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Korea Jindo Dog

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Korea Jindo Dog
A white Jindo
A white Jindo
Alternative names
Jindo Gae
Country of origin
Common nicknames
Classification and breed standards
FCI: Group 5 Section 5 #334  
Not recognized by any major kennel club
This breed of dog is extinct

The Korea Jindo Dog (진돗개) is a breed of dog originating in Korea. The Jindo is a hunting dog, originally from Jindo Island. Although relatively unknown outside Korea, it is celebrated in its native land for its unswerving loyalty to its master.


The Jindo is a medium-sized, double-coated spitz-type dog, with prick ears. The body is either square or slightly longer than tall. It has been divided into two body types: Tonggol or Gyupgae and Hudu or Heutgae. The former is very muscular and shorter in body, with a depth of chest equal to one-half the height at the withers and a shorter loin, while the latter is more slender with somewhat less depth of chest and a slightly longer loin, resulting in a height to length ratio of 10:11. Typically, males are larger with heavier heads and females have more fox-like features. These two types are gradually being blended into a third type called Gakgol, which retains the length of body of the Hudu style and the depth of chest of the Tonggol style. "The topline inclines very slightly downward from well-developed withers to a strong back with a slight but definite arch over the loin, which blends into a slightly sloping croup. The ribs are moderately sprung out from the spine, then curving down and inward to form a body that would be nearly oval if viewed in cross-section. The loin is muscular but narrower than the rib cage and with a moderate tuck-up. The chest is deep and moderately broad. When viewed from the side, the lowest point of the chest is immediately behind the elbow. The forechest should extend in a shallow oval shape in front of the forelegs but the sternum should not be excessively pointed.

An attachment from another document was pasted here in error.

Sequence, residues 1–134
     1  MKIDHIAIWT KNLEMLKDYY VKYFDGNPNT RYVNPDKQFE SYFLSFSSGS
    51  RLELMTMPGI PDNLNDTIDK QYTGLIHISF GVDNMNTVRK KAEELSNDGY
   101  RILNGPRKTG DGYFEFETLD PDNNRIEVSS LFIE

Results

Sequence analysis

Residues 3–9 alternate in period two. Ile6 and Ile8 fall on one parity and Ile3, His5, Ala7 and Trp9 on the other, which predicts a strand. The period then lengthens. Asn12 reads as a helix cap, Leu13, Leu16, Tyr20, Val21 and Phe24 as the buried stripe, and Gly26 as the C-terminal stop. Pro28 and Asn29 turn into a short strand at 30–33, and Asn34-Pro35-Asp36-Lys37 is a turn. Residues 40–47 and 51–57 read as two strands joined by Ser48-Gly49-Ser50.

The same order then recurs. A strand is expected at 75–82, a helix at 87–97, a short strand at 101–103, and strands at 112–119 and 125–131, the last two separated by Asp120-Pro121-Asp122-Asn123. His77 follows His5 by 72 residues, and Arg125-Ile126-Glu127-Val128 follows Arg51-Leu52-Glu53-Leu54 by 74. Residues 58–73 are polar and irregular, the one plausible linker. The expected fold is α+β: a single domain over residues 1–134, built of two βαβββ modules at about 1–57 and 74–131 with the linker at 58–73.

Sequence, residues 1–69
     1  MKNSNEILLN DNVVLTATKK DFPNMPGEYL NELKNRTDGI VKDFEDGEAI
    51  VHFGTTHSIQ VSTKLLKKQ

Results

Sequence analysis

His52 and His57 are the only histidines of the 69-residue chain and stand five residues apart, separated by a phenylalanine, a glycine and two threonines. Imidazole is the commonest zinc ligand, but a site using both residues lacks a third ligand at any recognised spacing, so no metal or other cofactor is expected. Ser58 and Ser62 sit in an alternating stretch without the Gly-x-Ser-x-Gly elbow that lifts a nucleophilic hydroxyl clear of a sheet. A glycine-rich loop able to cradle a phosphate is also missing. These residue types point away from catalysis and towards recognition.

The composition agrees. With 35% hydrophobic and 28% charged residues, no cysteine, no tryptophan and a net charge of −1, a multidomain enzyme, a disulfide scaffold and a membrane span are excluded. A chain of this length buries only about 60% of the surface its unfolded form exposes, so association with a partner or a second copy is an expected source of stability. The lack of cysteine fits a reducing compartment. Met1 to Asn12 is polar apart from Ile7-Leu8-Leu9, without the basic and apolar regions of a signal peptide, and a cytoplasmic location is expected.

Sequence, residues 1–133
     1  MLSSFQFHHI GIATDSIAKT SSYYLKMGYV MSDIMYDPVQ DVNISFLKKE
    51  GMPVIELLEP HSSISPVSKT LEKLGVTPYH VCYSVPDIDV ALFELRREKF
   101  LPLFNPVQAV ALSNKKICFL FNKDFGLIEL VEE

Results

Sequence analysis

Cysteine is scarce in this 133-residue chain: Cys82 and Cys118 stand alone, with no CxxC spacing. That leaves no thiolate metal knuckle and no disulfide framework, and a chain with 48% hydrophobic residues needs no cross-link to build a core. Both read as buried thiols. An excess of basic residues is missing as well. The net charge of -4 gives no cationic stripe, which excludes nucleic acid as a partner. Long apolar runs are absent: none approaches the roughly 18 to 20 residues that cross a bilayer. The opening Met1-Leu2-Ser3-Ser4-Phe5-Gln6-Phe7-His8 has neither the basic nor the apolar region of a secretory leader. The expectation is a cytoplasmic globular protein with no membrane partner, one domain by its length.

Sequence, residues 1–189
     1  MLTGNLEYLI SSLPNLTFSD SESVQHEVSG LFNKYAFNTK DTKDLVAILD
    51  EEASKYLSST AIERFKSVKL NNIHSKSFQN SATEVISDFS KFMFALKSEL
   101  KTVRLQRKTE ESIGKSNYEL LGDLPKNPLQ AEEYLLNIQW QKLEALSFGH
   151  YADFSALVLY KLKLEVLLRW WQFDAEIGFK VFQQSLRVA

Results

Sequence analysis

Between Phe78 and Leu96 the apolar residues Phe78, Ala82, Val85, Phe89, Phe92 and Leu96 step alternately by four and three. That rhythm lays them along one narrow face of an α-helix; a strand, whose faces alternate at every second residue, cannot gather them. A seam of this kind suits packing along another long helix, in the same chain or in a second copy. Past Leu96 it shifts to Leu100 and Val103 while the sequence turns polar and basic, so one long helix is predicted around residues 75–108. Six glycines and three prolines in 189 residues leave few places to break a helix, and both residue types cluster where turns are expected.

• Maturity: May reach full size by 5 months, but takes 2 years to physically and emotionally mature.
  • Height: At maturity, desirable height for male dogs should be 19 1/2 to 21 inches and 18 1/2 to 20 inches for females.
  • Weight: In good condition, males should be 35-45 lbs. and 30-40 lbs. for a female.
  • Tail: There are two types: ring tail, rolled on its back; erect tail, straight up.
  • Eyes: Gingko nut-shaped yellowish brown eyes with clear pupils. Jindos with reddish eyes are considered better hunters.
  • Ears: Ears start out floppy and usually stand erect by 5 or 6 months. Jindos with ears that straighten later are said to be better hunters.
  • Hair: Coat is of medium length, coarse with a thick undercoat. Jindos shed twice a year.
  • Color: Korean law currently only recognizes white Jindos and red (tan) Jindos, thus they are the most popular colors. Some Jindo Island residents have valued black, black/tan and red/white Jindos for being good hunters over the years. The UKC recognizes five different coat colors: white, fawn, gray, black and tan, and brindle (tiger pattern).


The Korean Jindo Dog is well known for its unwavering loyalty. Because of this there is a misunderstanding that a Jindo will be loyal only to its first owner or the owner when young. However, there are many examples of older Jindos being adopted out of shelters in the United States and becoming very loyal friends to their new owners.